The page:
Antisepsis and its requirements

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Antisepsis is a complex of preventive measures, which allows suppressing microbial growth and dissemination upon intact or injured skin, mucosal tissues, wounds, and within the body’s compartments.

  • The main group of antiseptics (or antiseptic drugs) is of chemical origin. Biological (e.g., bacteriophages), physical and mechanical factors (surgical treatment, lavage, drainage, absorption) augment the favorable effects of antiseptics.
  • Together with other chemical antimicrobial compounds (disinfectants and antibiotics) antiseptics are referred to as biocides including alcohols, phenols, iodine, and chlorine.
  • Biocides are a chemical agent that helps in inactivating microorganisms.
  • The most common resident organisms of the skin are the coagulase-negative staphylococci, with Staphylococcus epidermidis.

The main requirements to antiseptics include:

  • high antimicrobial activity with tolerance for skin and mucosal tissues;
  • the absence of irritative, toxic, allergic, mutagenic, carcinogenic, or teratogenic effects;
  • antiseptics should be readily dissolved in lipids and poorly or moderately – in water to block drug absorption by internal host tissues, albeit promoting their accumulation inside the skin;
  • they must confine infectious agent within the wound, thereby preventing its penetration into lymph and blood;
  • antiseptics should block the microbial adhesion, suppress bacterial virulence factors, and synergize with the action of antibiotics and physical antimicrobial factors.

All antiseptics are divided into following classes due to their chemical structure:

  1. detergents (anionic and cationic, e.g. quaternary ammonium compounds like benzalkonium chloride, miramistin);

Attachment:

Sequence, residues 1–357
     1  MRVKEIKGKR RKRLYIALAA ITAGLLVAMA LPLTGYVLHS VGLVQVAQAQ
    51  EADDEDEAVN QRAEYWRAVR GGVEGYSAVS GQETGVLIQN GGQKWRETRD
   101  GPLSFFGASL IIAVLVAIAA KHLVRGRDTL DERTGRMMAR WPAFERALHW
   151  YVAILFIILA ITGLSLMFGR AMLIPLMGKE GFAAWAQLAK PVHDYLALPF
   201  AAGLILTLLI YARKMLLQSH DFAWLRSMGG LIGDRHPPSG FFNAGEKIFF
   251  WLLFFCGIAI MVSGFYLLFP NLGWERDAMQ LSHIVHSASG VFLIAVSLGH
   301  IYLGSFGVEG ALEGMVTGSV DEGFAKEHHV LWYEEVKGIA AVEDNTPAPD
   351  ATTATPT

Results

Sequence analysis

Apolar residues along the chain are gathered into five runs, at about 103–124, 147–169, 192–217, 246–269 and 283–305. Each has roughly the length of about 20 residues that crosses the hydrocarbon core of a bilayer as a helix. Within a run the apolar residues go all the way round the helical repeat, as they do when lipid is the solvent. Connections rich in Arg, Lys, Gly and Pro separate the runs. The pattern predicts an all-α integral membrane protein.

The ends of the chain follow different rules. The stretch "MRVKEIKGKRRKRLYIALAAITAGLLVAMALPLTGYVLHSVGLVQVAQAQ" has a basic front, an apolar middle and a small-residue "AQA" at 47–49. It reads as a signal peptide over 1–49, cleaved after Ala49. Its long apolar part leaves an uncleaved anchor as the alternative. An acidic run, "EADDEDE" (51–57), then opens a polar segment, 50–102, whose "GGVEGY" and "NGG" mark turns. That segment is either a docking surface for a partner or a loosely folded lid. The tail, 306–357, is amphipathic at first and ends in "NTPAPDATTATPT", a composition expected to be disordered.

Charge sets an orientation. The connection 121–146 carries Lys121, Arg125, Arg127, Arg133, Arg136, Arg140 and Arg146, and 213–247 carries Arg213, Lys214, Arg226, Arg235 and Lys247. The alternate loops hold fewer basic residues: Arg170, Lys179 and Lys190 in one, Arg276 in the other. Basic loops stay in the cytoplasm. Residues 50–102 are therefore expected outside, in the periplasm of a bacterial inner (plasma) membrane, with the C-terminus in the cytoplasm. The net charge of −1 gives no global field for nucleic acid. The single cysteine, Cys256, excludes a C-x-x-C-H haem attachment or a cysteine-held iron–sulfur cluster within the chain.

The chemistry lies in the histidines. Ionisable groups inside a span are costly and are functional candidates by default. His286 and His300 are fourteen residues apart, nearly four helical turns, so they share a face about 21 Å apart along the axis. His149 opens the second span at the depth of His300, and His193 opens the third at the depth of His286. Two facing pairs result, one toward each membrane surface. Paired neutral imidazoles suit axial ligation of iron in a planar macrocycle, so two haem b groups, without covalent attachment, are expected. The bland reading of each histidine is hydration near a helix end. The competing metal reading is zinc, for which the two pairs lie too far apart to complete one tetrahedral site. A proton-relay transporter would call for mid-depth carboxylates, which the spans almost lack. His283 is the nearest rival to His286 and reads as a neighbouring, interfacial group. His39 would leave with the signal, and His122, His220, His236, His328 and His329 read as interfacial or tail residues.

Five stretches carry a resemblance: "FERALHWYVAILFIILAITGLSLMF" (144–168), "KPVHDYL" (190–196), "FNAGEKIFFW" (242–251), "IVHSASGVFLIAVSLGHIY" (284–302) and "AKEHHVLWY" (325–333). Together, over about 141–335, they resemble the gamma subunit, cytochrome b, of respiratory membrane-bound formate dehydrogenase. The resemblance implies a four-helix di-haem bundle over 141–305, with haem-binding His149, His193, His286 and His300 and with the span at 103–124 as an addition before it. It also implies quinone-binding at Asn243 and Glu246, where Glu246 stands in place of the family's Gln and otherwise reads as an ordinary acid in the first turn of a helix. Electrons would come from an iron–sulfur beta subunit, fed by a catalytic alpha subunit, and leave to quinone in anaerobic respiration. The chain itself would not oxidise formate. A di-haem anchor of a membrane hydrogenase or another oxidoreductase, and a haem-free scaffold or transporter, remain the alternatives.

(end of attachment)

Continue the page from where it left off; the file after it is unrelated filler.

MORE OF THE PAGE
2. halogen-releasing agents (chlorine-, bromine-, iodine-containing antimicrobials, e.g. sodium hypochlorite, iodine);
  3. biguanides (chlorhexidine);
  4. oxidizing agents (Н2О2, peracetic acid, КМnО4);
  5. aldehydes (formaldehyde, glutaraldehyde);
  6. metal-containing compounds (silver nitrate and other salts, alloys or organic complexes of Ag and Cu);
  7. phenols (triclosan, oxyquinoline);
  8. alcohols (ethanol);
  9. acids (benzoic, salicylic, boric and others);
  10. alkali (sodium hydrocarbonate);
  11. sulfonamides (sulfacyl-sodium or sulfacetamide);
  12. dyes (brilliant green, methylene blue, etc.);
  13. phytoncides (e.g., chlorophyllipt);
  14. antibiotics (tetracyclines, aminoglycosides, neomycin, etc.)

Also, antiseptics are discernible by their specified mode of action.

The destructive antiseptics cause denaturation and destruction of biopolymers (proteins, lipids, or DNA) within microbial cells. This activity is essential for aldehydes, halogens, metal salts, alcohols, phenols, acids and alkali, etc.

Oxidizing antiseptics (Н2О2 and peracetic acid, halogen-releasing agents – sodium hypochlorite) break down microbial structures by the generation of highly active free radicals.

Membrane attacking antimicrobials affect the permeability of microbial membranes (e.g., detergents, chlorhexidine).

Anti-metabolites and enzyme-inhibiting antiseptics block bacterial enzymatic systems (e.g., sulfonamides, silver nitrate).

Among the most efficient antiseptics are halogen-releasing agents and oxidizers (sodium hypochlorite, peracetic acid), quaternary ammonium compounds, and chlorhexidine, which are broadly used now in clinical practice.

Antisepsis and its requirements
Control of Microorganisms in the Environment

References

  1. https://www.sciencedirect.com/topics/nursing-and-health-professions/antisepsis
  2. https://www.ncbi.nlm.nih.gov/pmc/articles/PMC88911/
  3. Fig; Copyright © The McGraw-Hill Companies, Inc. Permission required for reproduction or display.